Top, Modern Rarity at John Lewis £65, Trousers, Gap £49.95, Heels, Dune £80, Bracelet, Accessorize £8 40
T-shirt, £8.95, Trousers, £49.95
Jacket, £145, Trousers, £160, Trainers, £90
NEEDLE & THREAD, SELFRIDGES Dress, Â£450
Shirt, £75, Trousers, £140
THOM BROWNE, SELFRIDGES Jacket, £2470, Trousers, £1360
Where to for #MeToo? Words: Hollie Fox / @holliefox
Below: Women march across the world in support of the #MeToo campaign
“The most powerful way to explode the myth of individual responsibility, is simply to stand beside another woman and say ‘me too’”, said Sophie Walker of the Women’s Equality Party. It’s been a little over six months since the #MeToo movement pulsated through the social media sphere in a phenomenal way. A movement that not only exposed the abuse of power in Hollywood and prompted investigations into sexual misconduct in Parliament but reminded us that almost every woman has a similar story to tell. Half a year later, sexual politics still remains at the forefront of our minds. For many, #MeToo was the icebreaker for a new kind of conversation. Following the widespread support for the #MeToo movement, and outrage at the system of control that facilitated the loathsome behaviour of powerful men like Harvey Weinstein, over 300 female Hollywood Figures signed an open letter of solidarity for “courageous individuals [who] revealed the dark truth of ongoing sexual harassment and assault...in the entertainment industry.” In true Elle Woods fashion, Reese Witherspoon, and other notable women in the industry, spearheaded the Time’s Up campaign, which provides legal assistance to women who have been harassed in the workplace. They aimed to address “the systemic inequality and injustice in the workplace that have kept underrepresented groups from reaching their full potential.” “Time is up. We are no longer going to be harassed, we are no longer going to be mistreated or discriminated against or paid less money,” said Witherspoon, at an event honouring International Women’s Day at UN Headquarters. “We are going to create more opportunities for each other.” While the #MeToo movement has paved the way for huge progress, activists are worried that the hype can only take us so far. Laura Bates, founder of the #EverydaySexism movement, describes how she hopes #MeToo will bring about change. “I feel both wary and excited,” she confessed in an interview with The Guardian, “Part of me wants to believe that this really is a tipping point, and another part of me remembers the wise words of veteran feminist, Cynthia Enloe, who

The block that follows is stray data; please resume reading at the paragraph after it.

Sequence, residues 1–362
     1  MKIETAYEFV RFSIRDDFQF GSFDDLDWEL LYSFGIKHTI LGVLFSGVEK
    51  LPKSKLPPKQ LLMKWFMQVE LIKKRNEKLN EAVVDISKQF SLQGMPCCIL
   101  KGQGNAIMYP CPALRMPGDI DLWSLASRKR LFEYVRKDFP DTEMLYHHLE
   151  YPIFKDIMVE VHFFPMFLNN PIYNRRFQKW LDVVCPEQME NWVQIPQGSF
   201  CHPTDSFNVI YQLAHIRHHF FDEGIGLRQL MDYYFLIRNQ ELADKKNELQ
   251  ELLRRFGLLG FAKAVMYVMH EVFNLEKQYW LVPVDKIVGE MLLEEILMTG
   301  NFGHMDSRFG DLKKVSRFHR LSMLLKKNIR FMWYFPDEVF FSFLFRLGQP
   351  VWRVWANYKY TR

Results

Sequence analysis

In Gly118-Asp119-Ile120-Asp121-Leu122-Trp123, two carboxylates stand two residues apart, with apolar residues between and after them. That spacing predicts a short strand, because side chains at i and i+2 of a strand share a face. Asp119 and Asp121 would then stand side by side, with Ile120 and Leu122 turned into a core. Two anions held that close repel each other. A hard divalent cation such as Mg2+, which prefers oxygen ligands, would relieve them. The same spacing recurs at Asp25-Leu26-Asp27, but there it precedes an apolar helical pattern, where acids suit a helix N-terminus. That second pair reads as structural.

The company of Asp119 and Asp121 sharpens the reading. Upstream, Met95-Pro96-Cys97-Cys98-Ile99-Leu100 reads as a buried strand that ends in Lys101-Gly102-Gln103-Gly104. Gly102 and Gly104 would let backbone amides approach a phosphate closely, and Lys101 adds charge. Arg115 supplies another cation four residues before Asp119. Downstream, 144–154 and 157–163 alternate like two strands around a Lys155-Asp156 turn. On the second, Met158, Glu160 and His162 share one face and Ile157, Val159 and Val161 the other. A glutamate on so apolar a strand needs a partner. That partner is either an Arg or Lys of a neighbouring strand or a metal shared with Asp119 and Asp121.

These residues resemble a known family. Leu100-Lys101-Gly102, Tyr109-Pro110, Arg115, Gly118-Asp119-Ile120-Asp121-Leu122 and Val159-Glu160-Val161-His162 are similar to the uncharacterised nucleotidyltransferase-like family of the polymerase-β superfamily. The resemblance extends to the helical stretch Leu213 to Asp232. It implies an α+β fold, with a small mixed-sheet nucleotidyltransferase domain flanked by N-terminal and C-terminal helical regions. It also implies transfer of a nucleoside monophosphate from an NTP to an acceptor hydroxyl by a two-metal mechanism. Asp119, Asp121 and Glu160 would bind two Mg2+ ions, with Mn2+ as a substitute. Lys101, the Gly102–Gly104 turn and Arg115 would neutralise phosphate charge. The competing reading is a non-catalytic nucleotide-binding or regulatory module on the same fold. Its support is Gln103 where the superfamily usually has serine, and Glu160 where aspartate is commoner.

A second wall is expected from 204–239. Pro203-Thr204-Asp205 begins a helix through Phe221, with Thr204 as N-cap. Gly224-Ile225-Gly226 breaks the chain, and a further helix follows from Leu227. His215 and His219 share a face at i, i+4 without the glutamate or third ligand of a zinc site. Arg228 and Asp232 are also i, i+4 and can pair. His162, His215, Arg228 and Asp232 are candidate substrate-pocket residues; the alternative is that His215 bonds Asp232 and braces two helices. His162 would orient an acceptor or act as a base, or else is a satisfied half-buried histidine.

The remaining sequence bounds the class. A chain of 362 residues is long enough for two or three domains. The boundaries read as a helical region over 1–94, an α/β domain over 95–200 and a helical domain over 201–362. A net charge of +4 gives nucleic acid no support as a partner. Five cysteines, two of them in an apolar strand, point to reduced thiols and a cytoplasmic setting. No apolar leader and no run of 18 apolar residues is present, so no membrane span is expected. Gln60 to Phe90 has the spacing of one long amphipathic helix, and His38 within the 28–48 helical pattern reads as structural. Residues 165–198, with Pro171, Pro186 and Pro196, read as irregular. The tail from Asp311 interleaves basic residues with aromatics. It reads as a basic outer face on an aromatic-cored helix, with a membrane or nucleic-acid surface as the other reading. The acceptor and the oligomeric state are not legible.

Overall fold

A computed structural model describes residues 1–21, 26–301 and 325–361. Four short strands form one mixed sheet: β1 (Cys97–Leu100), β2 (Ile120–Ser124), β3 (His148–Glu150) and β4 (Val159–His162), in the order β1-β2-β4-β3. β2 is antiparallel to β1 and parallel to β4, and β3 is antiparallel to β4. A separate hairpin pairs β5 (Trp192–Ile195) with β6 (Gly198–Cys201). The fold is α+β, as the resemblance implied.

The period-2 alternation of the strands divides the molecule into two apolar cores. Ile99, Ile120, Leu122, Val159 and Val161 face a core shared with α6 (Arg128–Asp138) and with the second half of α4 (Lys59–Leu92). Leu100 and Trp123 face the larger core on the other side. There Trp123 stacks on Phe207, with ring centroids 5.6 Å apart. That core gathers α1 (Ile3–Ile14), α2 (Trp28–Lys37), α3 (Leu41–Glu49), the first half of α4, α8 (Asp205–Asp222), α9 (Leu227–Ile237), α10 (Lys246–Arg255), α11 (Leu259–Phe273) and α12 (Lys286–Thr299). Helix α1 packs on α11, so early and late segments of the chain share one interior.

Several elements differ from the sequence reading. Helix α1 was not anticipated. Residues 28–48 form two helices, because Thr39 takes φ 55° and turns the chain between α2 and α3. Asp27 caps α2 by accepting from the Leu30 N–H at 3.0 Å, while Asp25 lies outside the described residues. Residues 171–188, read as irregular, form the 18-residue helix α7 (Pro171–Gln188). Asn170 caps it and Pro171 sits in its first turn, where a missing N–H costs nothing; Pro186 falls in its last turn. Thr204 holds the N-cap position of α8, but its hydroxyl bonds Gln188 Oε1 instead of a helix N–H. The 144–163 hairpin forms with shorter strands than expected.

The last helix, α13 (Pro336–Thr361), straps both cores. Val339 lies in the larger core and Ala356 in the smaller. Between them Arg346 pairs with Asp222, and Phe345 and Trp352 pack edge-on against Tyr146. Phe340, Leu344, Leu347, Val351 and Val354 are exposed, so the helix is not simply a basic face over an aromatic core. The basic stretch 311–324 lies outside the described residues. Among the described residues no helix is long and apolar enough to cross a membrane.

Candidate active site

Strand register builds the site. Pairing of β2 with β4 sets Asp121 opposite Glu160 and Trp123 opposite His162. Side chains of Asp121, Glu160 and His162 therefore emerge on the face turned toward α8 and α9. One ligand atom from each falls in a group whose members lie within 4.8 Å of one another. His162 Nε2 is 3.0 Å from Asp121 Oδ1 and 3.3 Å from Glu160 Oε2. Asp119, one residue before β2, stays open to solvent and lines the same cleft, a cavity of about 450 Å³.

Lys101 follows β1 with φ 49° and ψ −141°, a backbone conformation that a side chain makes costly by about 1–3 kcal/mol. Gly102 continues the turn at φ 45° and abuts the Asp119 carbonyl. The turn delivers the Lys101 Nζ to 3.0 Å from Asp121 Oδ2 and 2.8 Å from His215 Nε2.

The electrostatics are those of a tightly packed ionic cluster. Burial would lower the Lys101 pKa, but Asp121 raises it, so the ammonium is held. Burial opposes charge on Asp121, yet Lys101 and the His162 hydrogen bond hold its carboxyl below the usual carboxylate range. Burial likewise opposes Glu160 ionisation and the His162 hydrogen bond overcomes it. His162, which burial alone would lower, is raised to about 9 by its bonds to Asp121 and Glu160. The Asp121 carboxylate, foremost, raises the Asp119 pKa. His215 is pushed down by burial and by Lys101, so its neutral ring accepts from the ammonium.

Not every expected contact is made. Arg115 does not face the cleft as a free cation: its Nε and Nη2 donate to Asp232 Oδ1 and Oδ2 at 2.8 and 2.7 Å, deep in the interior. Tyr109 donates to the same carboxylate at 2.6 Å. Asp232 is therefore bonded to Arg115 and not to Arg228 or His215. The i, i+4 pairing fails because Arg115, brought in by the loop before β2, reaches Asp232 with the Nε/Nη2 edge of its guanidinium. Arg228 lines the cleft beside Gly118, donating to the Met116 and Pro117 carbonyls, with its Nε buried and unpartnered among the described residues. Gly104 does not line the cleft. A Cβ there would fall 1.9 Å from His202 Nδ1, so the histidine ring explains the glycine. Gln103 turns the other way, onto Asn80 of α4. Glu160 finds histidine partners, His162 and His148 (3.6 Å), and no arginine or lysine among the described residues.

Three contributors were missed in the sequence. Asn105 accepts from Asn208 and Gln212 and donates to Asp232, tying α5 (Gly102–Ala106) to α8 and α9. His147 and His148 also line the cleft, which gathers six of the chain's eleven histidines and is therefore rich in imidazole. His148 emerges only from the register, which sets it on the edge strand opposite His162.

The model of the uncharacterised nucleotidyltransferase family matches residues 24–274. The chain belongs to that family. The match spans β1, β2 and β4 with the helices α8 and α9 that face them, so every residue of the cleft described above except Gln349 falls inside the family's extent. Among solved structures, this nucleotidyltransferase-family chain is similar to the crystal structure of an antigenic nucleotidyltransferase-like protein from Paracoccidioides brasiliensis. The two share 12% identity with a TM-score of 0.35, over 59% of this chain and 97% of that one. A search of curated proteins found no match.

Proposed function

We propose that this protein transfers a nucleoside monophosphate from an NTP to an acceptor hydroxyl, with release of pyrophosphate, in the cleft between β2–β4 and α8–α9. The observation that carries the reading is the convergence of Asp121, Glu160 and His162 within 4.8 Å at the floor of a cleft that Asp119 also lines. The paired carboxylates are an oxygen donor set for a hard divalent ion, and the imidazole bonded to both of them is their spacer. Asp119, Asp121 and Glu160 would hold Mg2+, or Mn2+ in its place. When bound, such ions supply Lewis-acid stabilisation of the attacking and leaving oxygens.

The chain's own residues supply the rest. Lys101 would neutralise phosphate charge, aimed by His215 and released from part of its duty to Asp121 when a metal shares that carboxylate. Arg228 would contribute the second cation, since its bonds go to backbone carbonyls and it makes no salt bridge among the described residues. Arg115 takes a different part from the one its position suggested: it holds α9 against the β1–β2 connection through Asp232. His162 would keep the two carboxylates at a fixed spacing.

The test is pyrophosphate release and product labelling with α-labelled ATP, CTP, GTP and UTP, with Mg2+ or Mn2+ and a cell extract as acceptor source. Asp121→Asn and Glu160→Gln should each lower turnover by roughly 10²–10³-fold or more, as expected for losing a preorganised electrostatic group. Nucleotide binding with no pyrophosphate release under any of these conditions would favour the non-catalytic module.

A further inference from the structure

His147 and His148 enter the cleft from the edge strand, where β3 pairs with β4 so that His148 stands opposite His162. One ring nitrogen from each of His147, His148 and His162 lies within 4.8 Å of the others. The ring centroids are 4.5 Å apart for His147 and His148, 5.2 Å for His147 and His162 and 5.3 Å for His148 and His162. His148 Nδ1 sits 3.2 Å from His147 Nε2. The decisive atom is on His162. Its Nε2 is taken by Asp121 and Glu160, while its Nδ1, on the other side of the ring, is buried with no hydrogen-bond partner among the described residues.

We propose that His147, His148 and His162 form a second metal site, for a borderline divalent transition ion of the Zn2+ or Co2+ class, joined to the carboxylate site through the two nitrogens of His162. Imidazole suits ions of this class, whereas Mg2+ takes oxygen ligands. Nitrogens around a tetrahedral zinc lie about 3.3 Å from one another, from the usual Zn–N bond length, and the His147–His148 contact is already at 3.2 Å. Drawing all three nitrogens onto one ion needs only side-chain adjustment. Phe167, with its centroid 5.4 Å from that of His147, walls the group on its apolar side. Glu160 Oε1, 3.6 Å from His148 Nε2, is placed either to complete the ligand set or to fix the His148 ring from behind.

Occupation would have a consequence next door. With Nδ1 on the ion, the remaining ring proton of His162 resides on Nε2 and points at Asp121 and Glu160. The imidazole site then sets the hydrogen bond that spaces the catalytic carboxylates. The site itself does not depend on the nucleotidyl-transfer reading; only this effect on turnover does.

recently asked: “How many tipping points have we had?” If this is the tipping point, what lies on the other side? Speaking at the United State of Women Summit in L.A., community organiser, Tarana Burke, who first used the phrase “Me Too” in 2006, called for activists to start taking action. “Me too was just two words; it’s two magic words that galvanised the world,” Burke said. “The work that needs to happen now is what happens after you said ‘me too’.” A call to action might just be what the movement needs, for as quickly as the conversation started, there were people ready to shut it down. With significant celebrity voices, from Liam Neeson to Brigitte Bardot, referring to the movement as a “witch hunt”. As amusing as it might be to imagine Meryl Streep throwing a bucket of water over Harvey Weinstein’s head, the backlash to #MeToo is often rooted in victim-blaming and accusing those who speak out of simply “hating men”. “The vast majority are being hypocritical and ridiculous,” said Bardot. “Lots of actresses try to play the tease with producers to get a role.” So, where to now? What happens after you’ve said “me too”? Speaking at the debate: “Has the #MeToo Movement Gone Too Far?”, WEP Leader, Sophie Walker, reminds us why it’s important that we continue to have this conversation: “#MeToo is challenging entrenched messages about individual responsibility.” “It’s in collective organising that women find strength.” It’s important that we are optimistic about the future and about the progress we’ve made towards creating an environment that means those who were brave enough to share their #MeToo stories, never feel silenced ever again. We can do this by supporting charities that help sexual assault survivors, by using our right to vote to make sure our representatives see these issues as a priority (Birmingham now has a Women’s Equality Party branch), and by pushing for reform in our workplaces and our justice system. Turning #MeToo from a hashtag into hope isn’t going to be easy, but that’s why it’s important.